I’m certain that this does not cover all of our overland vehicle equipment. For instance, all of our personal items and camping gear for our truck is absent because we have respective posts on those two topics you can find here and here.

Plan Your Trip to Africa

  • Travel Insurance: We don’t travel without travel insurance and neither should you. You never know what can happen while traveling so it’s best to be prepared. HeyMondo provides excellent short-term and long-term travel insurance plans. 
  • Travel Waterbottle: When we’re uncertain about the water supply we use our Grayl Purifier. It’s come in exceptionally handy around Africa.
  • Camera Gear: Chances are you’ll want a camera for your trip to Africa. We love the Sony RX100V for a pocket-size camera and the Fujifilm XT-4 for a professional camera. Check out our favorite cameras for Africa.
  • Safari Clothes: Lightweight, beige, and moisture-wicking clothing are great for traveling Africa. See our favorite safari clothing here.
  • Safari Hat: A good hat is both stylish and functional.
  • Safari Bag: A durable bag is ideal for traveling around Africa.
  • Safari Pants: We recommend neutral-colored pants as they’re great at hiding dirt and can match most shirt colors.
  • Safari Shirt: Shirts like these are lightweight and keep the bugs away!
  • Boots: While you don’t need to wear sturdy shoes every day, at least one pair of safari boots will make your trip nicer!
  • Travel Adapter: You’ll need a special travel adapter for traveling to Africa. Get one before you get there so you don’t pay a premium on the ground.
About Cameron Seagle

Cameron Seagle is one of the principal writers and photographers for The World Pursuit. He is a travel expert that has been traveling the world for the past decade. During this time, he established a passion for conservation and environmental sustainability. When not traveling, he's obsessed with finding the best gear and travel products. In his free time, you can find him hiking, mountain biking, mountaineering, and snowboarding. His favorite countries are Scotland, Indonesia, Mozambique, Peru, Italy, and Japan.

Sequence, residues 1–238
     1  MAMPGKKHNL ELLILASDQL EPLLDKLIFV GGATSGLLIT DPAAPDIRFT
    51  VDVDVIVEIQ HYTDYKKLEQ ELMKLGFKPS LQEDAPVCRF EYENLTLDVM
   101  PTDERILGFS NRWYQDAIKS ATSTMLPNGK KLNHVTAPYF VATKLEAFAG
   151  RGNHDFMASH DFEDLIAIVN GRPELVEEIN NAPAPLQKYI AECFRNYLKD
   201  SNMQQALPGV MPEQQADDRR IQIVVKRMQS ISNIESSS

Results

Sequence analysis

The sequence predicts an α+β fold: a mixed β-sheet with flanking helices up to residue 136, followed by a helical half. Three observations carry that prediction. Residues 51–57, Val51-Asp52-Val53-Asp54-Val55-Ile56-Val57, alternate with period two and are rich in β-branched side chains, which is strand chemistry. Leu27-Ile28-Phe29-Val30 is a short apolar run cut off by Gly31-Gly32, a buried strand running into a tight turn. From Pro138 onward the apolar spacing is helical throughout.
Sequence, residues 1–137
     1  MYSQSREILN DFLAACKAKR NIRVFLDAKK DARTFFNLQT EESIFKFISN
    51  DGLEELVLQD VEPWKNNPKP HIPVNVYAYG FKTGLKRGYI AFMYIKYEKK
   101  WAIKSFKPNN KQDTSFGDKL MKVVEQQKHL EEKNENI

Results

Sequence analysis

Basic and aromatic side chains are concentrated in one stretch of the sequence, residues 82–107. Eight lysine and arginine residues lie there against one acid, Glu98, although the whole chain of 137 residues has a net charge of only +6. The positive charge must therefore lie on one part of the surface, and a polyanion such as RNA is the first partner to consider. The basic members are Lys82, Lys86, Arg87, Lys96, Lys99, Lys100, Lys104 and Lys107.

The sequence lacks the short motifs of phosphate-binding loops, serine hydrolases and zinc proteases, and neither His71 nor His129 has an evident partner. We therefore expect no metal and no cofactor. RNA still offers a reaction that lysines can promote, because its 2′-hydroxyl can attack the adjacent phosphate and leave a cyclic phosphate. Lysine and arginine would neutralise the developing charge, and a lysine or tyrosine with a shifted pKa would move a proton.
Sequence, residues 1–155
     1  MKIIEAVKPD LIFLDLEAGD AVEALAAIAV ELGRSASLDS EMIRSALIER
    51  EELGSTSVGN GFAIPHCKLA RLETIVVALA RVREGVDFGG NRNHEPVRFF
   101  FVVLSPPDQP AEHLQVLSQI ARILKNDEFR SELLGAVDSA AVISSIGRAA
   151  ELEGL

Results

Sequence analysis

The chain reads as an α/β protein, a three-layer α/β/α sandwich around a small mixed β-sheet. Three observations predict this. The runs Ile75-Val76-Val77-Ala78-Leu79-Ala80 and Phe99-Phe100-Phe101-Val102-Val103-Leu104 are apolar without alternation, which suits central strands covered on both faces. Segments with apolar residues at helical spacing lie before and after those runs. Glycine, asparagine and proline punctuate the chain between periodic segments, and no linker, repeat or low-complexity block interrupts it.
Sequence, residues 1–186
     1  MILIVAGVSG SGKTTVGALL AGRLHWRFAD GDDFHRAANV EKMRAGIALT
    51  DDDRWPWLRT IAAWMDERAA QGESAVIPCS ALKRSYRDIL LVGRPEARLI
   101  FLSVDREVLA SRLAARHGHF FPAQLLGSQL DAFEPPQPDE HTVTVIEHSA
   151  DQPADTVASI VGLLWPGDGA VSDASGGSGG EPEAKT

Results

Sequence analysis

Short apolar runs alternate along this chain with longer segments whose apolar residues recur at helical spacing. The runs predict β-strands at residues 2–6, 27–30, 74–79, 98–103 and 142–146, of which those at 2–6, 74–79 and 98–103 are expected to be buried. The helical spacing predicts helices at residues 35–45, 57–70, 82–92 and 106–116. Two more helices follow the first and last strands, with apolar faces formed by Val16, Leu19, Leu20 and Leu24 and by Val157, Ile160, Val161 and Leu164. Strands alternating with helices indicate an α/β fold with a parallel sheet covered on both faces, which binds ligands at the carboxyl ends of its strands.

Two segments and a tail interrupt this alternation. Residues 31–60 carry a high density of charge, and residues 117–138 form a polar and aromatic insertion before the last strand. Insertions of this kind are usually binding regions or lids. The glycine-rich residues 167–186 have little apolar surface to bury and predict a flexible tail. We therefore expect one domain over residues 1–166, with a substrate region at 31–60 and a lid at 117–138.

You can learn more about Cameron on The World Pursuit About Us Page.

1 thought on “Overland Vehicle Equipment and Gear List for Traveling Africa”

  1. Good list, but I wouldn’t recommend skipping the satellite phone – you might think you’re fine until the day your car breaks down on that small spot of road without GSM coverage. This actually happened to us in Namibia of all places, and the satellite phone saved the day. You can buy Africa bundles from Iridium that aren’t too expensive. Don’t forget to bring an external antenna, even if it’s just the little one that came in the box – satellite coverage can also be spotty. Besides that, a local SIM is very helpful so people can call you back.

    And TYRES! Bring as many as you can, preferably on the wheel to save hassle. Have a compressor, pressure gauge, repair kit or anything else you can use to get a little bit of extra life out of a tyre. Having the tools and knowing how to do emergency tyre repairs, including fitting a tube if needed, can be very useful to get you to a place where you can replace the tyre, which could be hundreds of kilometres away.